Mandatory sentences are common sense

Written by Total Politics has a free weekly Friday email bulletin. Follow this link to register. on 28 October 2011 in Diary
Nick de Bois hails a victory for common sense as the government extends mandatory prison sentences to include 16-18 year olds

I am very pleased by the government's announcement that they are prepared to introduce mandatory prison sentences for 16 and 17 year olds who threaten with a knife for several reasons.

Firstly (and perhaps of least importance) it serves as a reminder that collectively MPs can make a difference. I worked very closely with my neighbouring MP David Burrowes on my amendment. It was supported by 40 backbenchers who signed an amendment putting this suggestion forward in the first place. It is worth noting that well over half of the signatories were taken from the independent-minded class of 2010, a group I am increasingly proud to belong to. Sometimes I know that one can feel like lobby fodder, but as the governments change of heart shows it is possible to effect positive change.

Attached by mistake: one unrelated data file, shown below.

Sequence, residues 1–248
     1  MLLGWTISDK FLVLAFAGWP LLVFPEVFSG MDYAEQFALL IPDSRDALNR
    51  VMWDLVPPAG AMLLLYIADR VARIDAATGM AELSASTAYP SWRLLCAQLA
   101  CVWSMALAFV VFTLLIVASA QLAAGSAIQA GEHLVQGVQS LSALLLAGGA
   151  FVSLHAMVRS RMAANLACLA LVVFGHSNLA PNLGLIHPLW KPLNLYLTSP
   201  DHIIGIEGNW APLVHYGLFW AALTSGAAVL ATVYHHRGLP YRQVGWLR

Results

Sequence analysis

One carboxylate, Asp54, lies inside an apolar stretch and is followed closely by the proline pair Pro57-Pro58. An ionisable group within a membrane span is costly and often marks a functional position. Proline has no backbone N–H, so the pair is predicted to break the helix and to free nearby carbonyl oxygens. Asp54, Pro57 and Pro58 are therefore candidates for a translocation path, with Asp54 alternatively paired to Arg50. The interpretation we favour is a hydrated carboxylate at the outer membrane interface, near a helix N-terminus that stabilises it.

It is also a win for common sense in policy. The government can now finally begin to remove violent young adults from the streets, offer them rehabilitative services within prison and engage with them constructively upon their re-entry into society. A slap on the wrists with a community sentence is no longer even an option.

But perhaps most importantly, I feel this is a victory for my constituents, hundreds of whom signed a petition through my local newspaper urging the government to think again on youth justice. Among those signatures lie the voices of families and friends of those deeply affected by knife crime in North London, and I am pleased to have been able to assure they were heard.

Sceptics have said, and will continue to argue, that jail sentences don’t work as a deterrent and that young people simply don’t care about what government says. Yet during this morning’s BBC Radio 1 breakfast show, listened to by an audience of eight million people who are primarily under 21, the change in policy received massive coverage. The message has gone out, to the target audience, loud and clear: if you threaten a member of the community with a knife, you will go to prison, regardless of your age.

Nick de Bois is the Conservative MP for Enfield North

Tags: Knife crime, Mandatory sentencing, Nick de Bois MP

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